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Southeastern US

Short green bean supplies result in tight market

Supplies of green beans continue to be short as growers struggle to recover from hurricane activity that swept through the southeast in September. The winds and rains from Hurricane Irma reduced volume significantly and created a shortage in the market which, so far, has been unable to be met. The season is about to shift southward and hopes are that supplies will steadily recover.

“The green bean market continues to be high and tight,” said one grower in Florida. “At this time of year, there is a natural gap between production regions. We are currently transitioning from the Georgia season into Central South Florida. This gap in production has hindered recovery in the market. Yield has been down since September when Hurricane Irma went through. The product that was already in the ground that time was hit very hard. Planting schedules have been messed up since then as growers attempt to recover their stocks. It’s hard to say exactly how much production is down by, however it’s apparent that recent activity has not been able to sufficiently fulfill demand.”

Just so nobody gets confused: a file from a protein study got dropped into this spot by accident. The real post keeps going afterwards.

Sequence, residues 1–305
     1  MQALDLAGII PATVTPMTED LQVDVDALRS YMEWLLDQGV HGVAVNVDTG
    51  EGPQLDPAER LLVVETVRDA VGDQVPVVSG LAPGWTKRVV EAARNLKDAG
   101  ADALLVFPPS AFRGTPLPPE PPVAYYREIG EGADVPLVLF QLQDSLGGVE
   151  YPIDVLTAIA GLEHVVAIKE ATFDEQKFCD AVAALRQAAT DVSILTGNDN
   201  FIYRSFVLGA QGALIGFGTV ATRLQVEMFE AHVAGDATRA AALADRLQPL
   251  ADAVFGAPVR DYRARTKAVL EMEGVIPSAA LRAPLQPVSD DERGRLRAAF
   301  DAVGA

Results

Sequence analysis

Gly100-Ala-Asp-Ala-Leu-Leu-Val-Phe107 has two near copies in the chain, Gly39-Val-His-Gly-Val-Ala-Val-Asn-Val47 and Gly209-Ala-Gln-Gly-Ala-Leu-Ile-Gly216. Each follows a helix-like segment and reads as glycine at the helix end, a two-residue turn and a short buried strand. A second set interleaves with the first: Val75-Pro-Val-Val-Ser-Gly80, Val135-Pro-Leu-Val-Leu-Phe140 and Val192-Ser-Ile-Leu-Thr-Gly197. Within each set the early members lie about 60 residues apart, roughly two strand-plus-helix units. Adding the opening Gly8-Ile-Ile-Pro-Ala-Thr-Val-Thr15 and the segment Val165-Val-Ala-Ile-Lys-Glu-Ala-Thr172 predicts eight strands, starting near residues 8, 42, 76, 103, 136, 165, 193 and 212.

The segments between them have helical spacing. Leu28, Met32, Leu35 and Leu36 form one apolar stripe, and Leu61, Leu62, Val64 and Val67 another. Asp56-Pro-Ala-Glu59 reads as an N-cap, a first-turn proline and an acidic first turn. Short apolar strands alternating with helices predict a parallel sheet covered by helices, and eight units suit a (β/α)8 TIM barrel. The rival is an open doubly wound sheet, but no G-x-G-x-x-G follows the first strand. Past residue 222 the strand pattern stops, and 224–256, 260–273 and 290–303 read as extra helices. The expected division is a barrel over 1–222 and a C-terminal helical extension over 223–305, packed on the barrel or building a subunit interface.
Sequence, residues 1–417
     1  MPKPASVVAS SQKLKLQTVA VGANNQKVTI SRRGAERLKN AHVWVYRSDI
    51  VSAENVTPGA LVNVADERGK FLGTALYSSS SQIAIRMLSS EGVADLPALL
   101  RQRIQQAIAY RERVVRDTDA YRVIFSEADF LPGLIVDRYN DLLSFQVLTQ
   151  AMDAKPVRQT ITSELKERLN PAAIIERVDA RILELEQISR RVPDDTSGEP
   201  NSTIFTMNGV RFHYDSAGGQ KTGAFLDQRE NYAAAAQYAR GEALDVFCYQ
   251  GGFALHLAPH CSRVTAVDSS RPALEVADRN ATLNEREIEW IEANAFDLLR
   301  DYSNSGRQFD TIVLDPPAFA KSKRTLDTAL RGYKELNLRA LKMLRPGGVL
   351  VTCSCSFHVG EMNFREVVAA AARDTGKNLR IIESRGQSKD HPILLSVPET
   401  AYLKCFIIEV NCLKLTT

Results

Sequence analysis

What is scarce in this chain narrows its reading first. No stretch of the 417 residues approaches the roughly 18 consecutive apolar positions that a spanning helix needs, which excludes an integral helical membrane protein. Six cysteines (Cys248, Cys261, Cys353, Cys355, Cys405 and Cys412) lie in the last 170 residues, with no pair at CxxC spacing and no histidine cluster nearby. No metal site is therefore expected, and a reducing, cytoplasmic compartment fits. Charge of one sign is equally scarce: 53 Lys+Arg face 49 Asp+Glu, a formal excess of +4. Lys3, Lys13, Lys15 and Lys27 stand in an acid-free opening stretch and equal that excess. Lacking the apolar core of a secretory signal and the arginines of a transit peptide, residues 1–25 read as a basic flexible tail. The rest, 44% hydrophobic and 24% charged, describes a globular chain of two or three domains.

Market high
As supplies continue to be short, the market price is high and is forecast to remain that way as demand picks up in the lead up to the Thanksgiving holiday.

“Florida is getting going now but prices remain high,” he continued. “Demand is also expected to rise coming into Thanksgiving. This is one of the busiest times of the year for the green bean market and therefore we expect to have supply issues for some time. The market price is currently around $34 - $36 per bushel. We expect to see that hold steady throughout the Holiday period. Demand will pick up again around Christmas so we don’t expect to see the market normalize until after then.”

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